The prevalence of peril in the world of 2018 vindicates the sober, direct and hedging tenor of Australia’s recent foreign affairs White Paper. This major policy document, released in November 2017, takes both a more cautious and a more creative approach to protecting and advancing Australia’s interests than previous such efforts. In the age of Donald Trump, any policy document reflecting continued investment in an alliance with the United States is vulnerable to certain obvious observations. Washington may never again be quite the kind of stable and predictable ally we have known. Assuming a linear future of Chinese growth and American stagnation, Australia will struggle to come to terms with a rich and powerful China with different values and different and potentially opposing interests too.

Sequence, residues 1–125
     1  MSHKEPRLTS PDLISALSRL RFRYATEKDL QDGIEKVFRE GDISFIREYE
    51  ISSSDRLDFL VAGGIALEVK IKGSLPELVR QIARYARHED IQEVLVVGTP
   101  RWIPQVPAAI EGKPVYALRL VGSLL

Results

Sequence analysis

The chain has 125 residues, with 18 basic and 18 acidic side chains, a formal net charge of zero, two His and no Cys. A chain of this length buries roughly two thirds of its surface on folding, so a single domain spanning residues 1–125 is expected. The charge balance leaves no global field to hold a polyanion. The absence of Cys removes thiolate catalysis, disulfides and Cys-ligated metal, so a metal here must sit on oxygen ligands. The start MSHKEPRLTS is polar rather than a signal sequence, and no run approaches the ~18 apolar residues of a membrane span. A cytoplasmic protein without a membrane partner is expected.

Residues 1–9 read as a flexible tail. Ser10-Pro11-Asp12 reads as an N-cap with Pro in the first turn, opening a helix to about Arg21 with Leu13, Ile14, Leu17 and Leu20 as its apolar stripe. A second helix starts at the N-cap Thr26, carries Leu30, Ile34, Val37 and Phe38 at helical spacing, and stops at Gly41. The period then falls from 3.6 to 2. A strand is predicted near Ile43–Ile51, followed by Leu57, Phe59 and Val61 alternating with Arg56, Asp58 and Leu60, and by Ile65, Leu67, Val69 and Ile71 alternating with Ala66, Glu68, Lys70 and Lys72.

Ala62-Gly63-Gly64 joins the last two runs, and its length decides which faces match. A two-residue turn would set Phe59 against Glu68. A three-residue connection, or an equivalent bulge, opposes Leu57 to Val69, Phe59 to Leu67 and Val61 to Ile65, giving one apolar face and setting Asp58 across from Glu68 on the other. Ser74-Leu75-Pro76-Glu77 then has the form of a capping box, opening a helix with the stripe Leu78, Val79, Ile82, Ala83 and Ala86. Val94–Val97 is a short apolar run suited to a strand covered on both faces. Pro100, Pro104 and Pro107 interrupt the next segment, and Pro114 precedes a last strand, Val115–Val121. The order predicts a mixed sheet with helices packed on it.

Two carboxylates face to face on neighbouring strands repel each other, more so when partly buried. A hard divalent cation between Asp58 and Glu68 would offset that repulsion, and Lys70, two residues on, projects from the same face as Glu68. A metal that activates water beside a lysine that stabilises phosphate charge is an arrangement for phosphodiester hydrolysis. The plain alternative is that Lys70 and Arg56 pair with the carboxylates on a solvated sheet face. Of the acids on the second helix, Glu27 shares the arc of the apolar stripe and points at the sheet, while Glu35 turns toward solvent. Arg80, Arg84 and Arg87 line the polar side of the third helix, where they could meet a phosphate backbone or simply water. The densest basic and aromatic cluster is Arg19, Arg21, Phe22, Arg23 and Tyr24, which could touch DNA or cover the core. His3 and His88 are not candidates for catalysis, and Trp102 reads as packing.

Vol. 14 No. 1
Institute for Regional Security
‘The National Security College is a joint initiative of the Commonwealth Government and The Australian National University’